AD #3370 – Germany Slashes EV Subsidies; Tesla Charging Fee to Use Nav; GM Q2 Earnings Down Sharply

July 26th, 2022 at 11:55am

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Listen to “AD #3370 – Germany Slashes EV Subsidies; Tesla Charging Fee to Use Nav; GM Q2 Earnings Down Sharply” on Spreaker.

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Runtime: 10:21

0:07 Germany Slashes EV Subsidies
0:48 Faraday Future Needs More Money
1:17 GM Q2 Earnings Down Sharply
2:42 Detroit 3 Support Chip Act
4:16 Tesla Charging Fee to Use Nav
5:06 Tesla Really Ramps Up Production in China
5:43 Tesla Posts GigaPress Video
6:14 Sono’s BEV Uses Solar Power
8:02 GM Locks Up EV Raw Materials
9:02 VW Starts Making ID.4 in the U.S.

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14 Comments to “AD #3370 – Germany Slashes EV Subsidies; Tesla Charging Fee to Use Nav; GM Q2 Earnings Down Sharply”

  1. Lambo2015 Says:

    I really question if Faraday Future is legit at this point. Or are they so mismanaged that they don’t know how much money they need to launch a vehicle that is now 5 years late. As Sean said they said at one point they didn’t need anymore money and now need 325 Million. I would be concerned if I were an investor.

    As the EV subsidies go away it will be interesting to see how that affects sales.

  2. Albemarle Says:

    I think EV subsidies are a nice bonus for the purchaser. We got $14,000 rebate from the Ontario government when we bought our Bolt in 2017. Lovely, but ridiculous. We would have bought the Bolt regardless, and I think that’s the point. Subsidies do pivot purchasers to companies that still have them and away from those who have run out, but I believe they don’t increase the overall EV sales.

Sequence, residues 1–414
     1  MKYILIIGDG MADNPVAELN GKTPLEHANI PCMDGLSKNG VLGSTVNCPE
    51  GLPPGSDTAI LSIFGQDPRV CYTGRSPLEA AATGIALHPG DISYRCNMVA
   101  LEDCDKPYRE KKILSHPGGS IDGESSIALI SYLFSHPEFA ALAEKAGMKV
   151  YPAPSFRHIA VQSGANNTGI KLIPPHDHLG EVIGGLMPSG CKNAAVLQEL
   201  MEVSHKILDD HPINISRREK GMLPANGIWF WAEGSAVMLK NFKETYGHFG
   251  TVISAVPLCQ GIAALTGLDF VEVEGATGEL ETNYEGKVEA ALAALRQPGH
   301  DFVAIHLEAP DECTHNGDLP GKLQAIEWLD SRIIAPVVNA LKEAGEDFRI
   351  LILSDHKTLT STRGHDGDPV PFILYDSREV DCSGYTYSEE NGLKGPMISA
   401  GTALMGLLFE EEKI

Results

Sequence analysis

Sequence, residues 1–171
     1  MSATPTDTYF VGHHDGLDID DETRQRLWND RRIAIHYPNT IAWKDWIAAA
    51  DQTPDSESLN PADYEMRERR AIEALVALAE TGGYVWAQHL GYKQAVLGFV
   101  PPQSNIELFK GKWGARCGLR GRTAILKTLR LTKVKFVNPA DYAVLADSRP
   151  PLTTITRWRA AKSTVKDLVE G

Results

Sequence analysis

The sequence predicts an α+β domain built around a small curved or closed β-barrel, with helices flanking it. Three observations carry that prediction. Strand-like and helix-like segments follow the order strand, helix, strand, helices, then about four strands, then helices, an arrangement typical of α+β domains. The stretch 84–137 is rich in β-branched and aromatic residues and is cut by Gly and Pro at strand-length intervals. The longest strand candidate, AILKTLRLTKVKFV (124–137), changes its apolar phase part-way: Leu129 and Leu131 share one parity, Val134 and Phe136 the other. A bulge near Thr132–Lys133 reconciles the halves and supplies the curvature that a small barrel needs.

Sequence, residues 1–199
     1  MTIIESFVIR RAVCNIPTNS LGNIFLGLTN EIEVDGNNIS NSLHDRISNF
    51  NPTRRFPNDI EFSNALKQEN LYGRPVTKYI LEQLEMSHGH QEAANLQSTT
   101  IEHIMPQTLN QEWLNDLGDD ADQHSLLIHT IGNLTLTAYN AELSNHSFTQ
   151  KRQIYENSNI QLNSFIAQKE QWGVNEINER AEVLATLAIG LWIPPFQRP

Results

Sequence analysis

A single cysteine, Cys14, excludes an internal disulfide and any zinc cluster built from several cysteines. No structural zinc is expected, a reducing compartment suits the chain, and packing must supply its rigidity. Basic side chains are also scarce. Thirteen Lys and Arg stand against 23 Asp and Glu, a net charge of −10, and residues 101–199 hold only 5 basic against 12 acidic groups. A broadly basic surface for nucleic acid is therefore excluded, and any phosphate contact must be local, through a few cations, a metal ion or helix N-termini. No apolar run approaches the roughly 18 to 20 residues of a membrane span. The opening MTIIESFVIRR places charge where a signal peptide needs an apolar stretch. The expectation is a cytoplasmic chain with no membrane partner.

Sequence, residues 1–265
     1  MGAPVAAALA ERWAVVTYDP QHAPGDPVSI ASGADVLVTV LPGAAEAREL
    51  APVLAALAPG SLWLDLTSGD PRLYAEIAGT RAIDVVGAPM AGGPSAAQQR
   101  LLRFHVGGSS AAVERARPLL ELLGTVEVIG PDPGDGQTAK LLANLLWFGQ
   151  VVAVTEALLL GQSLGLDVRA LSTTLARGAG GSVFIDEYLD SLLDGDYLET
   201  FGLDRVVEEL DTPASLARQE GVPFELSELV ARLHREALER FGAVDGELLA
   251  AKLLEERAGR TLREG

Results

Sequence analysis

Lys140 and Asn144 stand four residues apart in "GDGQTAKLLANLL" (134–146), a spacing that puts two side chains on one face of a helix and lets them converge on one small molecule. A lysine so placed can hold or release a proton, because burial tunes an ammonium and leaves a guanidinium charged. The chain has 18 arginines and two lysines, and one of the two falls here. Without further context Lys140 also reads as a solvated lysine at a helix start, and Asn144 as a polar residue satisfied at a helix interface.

The much higher cost of EVs means that those who demand a return on investment before purchasing an EV are just using this as an excuse to not go electric.

  3. GM Veteran Says:

    Because EVs were more expensive than comparably sized ICE vehicles, I think that the subsidies do help some buyers decide to go electric. However, I don’t think they are necessary for EVs over $60k. If you are considering a vehicle in that price range you don’t need the assistance and are more likely buying it for non-utilitarian reasons like styling, exclusivity, etc. Our tax dollars don’t need to help a buyer get into a $70,000 Lyric or a $100,000 Model S.

    While prices continue to equalize with ICE models, assisting a family to get into a $45k Blazer, a $48k Mach E or even a Model Y is not such a bad idea. In another couple of years, they won’t be necessary as OEMs launch more EVs with reasonable price tags (like the coming $30k ish Chevy Equinox, among others)

  4. Nicolas T Says:

    With agreements for Li ion battery secured for GM and Ford (and Tesla) using current tech thru 2030, it really seems solid state tech is out of question for the rest of the decade, at least in significant volumes.

  5. Kit Gerhart Says:

    3 The cheapest Model Y is now $65,990 plus $1200 destination fee, ~$22K more than the base Mach-E.

  6. Lambo2015 Says:

    2 I don’t think making the case for a ROI is an excuse to not go electric. Just good economic decision making. When you have two products to choose from and one is significantly more expensive. I expect more out the more expensive version. You get what you pay for right? Either its better quality more features or its name brand which makes sense sometimes. Right now that more expensive version, cost more, does less and has limitations making it inconvenient.
    So just looking at it from a practical standpoint or financial decision an EV doesn’t make sense to me. So its not an excuse, I prefer to spend my money wisely.